Bournemouth BC, Dorset CC & Borough of Poole
Electronic bundles and the digital courtroom
To reduce the costs of paper, printing, copying, couriers and storage, legal services staff from the three councils have worked with judges and the Courts & Tribunals Service to create paperless court bundles and digital family court rooms in Weymouth, Poole and Bournemouth. Local family court cases had doubled in volume over the past two years creating increased costs, including on expensive storage space. Court bundles can now be downloaded over Wi-Fi for use, saving some £70,000 a year for minimal cost. A digital courtroom complements the e-bundles with devices to encrypt these and software that allows documents to be streamed to a witness stand.
Your homes Newcastle
Your Homes Newcastle is an arm’s-length management organisation that manages more than 27,000 homes for the council. The arrival of a new managing director in 2016 led to the realisation that staff were hampered by cultural and working practices. A change programme was launched, named the Gap Year, to provide time to try out new ways of working and agree how things should change. The almo’s new core values are to be ‘ready, amazing, revolutionary and energetic’. Achievements include efficiencies of £2.5m during 2016-17 from a gross budget of some £40m, reduced sickness absence and a better partnering relationship with the council.
Sandwell Community Building Information Modelling Framework
Use of building information modelling is bringing the construction sector into the digital age with techniques that allow clients and building teams to design, engineer, procure, construct, maintain and manage their assets and buildings. It unites these processes and enables collaboration through 3D digital representations of projects and buildings. Sandwell wanted to spread this expertise to its whole supply chain and so has made a suite of BIM services accessible across its suppliers and contractors. It has made BIM services available to the NHS and West Midlands Combined Authority and launched an online app to help existing employees learn BIM techniques.
Facing the Future the Sandwell way
Facing the Future is an innovative transformational programme that has delivered millions of pounds of savings while protecting frontline services for residents. The council realised traditional ‘salami slicing’ of budgets could not deliver the scale of savings needed, so looked to find these by changing the way the council works. Facing the Future involves changes to traditional ways of working with the wholesale adoption of digital tools and closer working between departments. Sandwell has achieved a balanced budget for three consecutive years and is confident Facing the Future will help deliver the savings needed up to 2019-20.
Digital by Design Programme
Faced with successive budget cuts of £100m since 2010, Stockport had to deliver services more efficiently while meeting increasing demand. It invested £7.4m in its Digital by Design programme creating the capabilities needed to fundamentally transform the council. This included increased digital self-serve, creating digital tools to give staff a more joined-up view of residents and using technology to keep people better informed and connected. Digital by Design has seen a steady increase in people contacting the council online, now accounting for some 60% of contacts. Some 15,000 people have joined My Account to access services with a single sign-on.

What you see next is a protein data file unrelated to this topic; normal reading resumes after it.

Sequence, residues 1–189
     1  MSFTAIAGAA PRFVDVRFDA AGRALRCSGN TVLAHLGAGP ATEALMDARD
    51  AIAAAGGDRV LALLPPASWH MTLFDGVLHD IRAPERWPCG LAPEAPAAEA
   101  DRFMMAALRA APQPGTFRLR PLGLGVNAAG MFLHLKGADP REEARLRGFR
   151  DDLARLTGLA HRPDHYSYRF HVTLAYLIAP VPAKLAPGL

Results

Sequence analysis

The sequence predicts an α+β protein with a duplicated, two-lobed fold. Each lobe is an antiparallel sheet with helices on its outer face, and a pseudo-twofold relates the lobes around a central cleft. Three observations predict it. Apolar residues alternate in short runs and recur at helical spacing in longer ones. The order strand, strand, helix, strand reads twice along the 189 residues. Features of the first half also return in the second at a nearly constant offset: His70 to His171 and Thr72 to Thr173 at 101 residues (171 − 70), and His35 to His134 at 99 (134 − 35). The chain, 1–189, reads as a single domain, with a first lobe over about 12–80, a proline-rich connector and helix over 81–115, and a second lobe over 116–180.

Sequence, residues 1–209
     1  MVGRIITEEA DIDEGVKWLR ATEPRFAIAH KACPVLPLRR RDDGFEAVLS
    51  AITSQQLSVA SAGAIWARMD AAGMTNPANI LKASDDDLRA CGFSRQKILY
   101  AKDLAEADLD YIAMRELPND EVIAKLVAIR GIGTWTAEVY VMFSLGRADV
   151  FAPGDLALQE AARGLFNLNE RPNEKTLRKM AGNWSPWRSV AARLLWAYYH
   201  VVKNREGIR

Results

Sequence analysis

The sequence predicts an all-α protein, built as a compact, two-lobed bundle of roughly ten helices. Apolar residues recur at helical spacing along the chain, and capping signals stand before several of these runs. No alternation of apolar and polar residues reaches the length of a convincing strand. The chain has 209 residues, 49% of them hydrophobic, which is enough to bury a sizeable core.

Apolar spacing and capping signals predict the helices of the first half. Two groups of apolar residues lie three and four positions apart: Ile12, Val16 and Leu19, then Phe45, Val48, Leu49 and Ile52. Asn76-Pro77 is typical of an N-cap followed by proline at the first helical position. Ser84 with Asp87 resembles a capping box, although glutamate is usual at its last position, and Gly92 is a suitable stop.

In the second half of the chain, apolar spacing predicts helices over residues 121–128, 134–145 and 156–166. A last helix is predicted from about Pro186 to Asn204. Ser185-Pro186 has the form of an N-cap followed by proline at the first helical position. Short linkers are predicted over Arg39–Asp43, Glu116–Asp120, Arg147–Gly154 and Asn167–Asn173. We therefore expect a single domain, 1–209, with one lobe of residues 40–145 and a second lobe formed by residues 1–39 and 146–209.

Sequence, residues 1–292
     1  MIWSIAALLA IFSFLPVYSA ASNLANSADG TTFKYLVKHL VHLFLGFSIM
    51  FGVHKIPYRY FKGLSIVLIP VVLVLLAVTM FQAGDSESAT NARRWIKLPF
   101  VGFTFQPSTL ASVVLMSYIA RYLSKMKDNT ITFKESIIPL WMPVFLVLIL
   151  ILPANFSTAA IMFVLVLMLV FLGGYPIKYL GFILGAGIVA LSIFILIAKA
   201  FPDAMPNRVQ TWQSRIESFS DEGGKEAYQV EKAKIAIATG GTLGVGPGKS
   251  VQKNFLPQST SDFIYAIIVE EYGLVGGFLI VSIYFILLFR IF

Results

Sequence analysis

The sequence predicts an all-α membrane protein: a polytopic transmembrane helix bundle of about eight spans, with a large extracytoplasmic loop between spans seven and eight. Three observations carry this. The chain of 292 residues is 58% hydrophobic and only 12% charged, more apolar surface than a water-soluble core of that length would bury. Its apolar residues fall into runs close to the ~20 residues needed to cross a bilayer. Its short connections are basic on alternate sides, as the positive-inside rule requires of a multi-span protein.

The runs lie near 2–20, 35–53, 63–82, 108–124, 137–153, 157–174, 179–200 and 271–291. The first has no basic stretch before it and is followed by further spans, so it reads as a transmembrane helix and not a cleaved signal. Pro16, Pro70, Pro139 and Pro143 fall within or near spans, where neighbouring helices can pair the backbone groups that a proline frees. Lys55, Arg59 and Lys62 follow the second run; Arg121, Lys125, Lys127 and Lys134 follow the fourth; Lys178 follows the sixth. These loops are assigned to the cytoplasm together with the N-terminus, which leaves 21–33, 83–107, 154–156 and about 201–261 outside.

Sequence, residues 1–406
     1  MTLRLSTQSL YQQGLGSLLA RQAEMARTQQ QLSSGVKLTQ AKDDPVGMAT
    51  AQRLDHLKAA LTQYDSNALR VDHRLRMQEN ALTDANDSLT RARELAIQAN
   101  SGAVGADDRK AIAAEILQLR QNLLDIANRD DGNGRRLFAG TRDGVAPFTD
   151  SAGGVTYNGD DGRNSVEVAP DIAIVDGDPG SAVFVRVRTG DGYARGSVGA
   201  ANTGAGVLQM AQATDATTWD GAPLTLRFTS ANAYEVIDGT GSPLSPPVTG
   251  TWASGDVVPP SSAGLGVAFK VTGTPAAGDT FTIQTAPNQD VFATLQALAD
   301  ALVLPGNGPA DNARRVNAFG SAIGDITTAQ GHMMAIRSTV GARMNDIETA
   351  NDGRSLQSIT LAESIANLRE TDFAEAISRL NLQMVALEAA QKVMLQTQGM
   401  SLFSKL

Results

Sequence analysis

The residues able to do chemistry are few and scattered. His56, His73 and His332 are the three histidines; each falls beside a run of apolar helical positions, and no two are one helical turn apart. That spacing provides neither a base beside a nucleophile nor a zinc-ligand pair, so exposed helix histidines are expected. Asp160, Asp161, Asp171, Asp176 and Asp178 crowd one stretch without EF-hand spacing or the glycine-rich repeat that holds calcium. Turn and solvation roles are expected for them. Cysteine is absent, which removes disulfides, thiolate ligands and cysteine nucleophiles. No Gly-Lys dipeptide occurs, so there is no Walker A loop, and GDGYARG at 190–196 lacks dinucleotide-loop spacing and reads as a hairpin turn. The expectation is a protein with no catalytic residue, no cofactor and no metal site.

Vale of Glamorgan Council
Reshaping Services has revolutionised the way the council works and is delivering significant benefits while customer satisfaction increases. It reaches across all departments and has been based on the insight that transformation cannot be ‘done’ to people so all staff have been invited to contribute ideas. Challenging but realistic targets for savings have been set and in 2016-17 the programme delivered £3.5m of savings. A programme board of elected members, officers and partners ensure linkages are made between projects and that learning is shared. The council is also seeking innovative ways of deriving income, including a trading company to provide schools catering.
Vale of Glamorgan Council
Forced to find huge savings in 2015, the council decided it must engage staff, from park attendants to planners, in the process, starting with 52 ‘coffee and toast’ meetings for more than 2,000 employees. This ‘call to arms’ soon became a self-generated series of themed conferences, reference groups and ad-hoc working groups. The umbrella for the engagement was the launch of an employee-crafted staff charter, a ‘stripped-back’ list of expectations and commitments between the council and its employees giving a set of behaviours, attitudes and ways of working necessary in response to the funding and service challenges.
With younger people moving into the area, Worthing needed a more sophisticated cultural offer. Taking a ‘build it and they will come’ approach, the town’s two theatres, assembly hall and cinema were placed in the council’s Worthing Theatres department to provide a weekly mix of music, drama, comedy and circus. Historically, the theatres had featured acts that had failed to draw in large enough audiences to sustain business. The theatres had become a drain on the council and could have been closed but by opting for more imaginative programming their fortunes have been turned round and seen an 88% increase in event profit during 2013-17.
Harry Catherall, chief executive, Blackburn with Darwen BC
John Coughlan, chief executive, Hampshire CC
Steven Halls, chief executive, Three Rivers DC
Philip Simpkins, chief executive, Bedford BC
Debbie Ward, chief executive, Dorset CC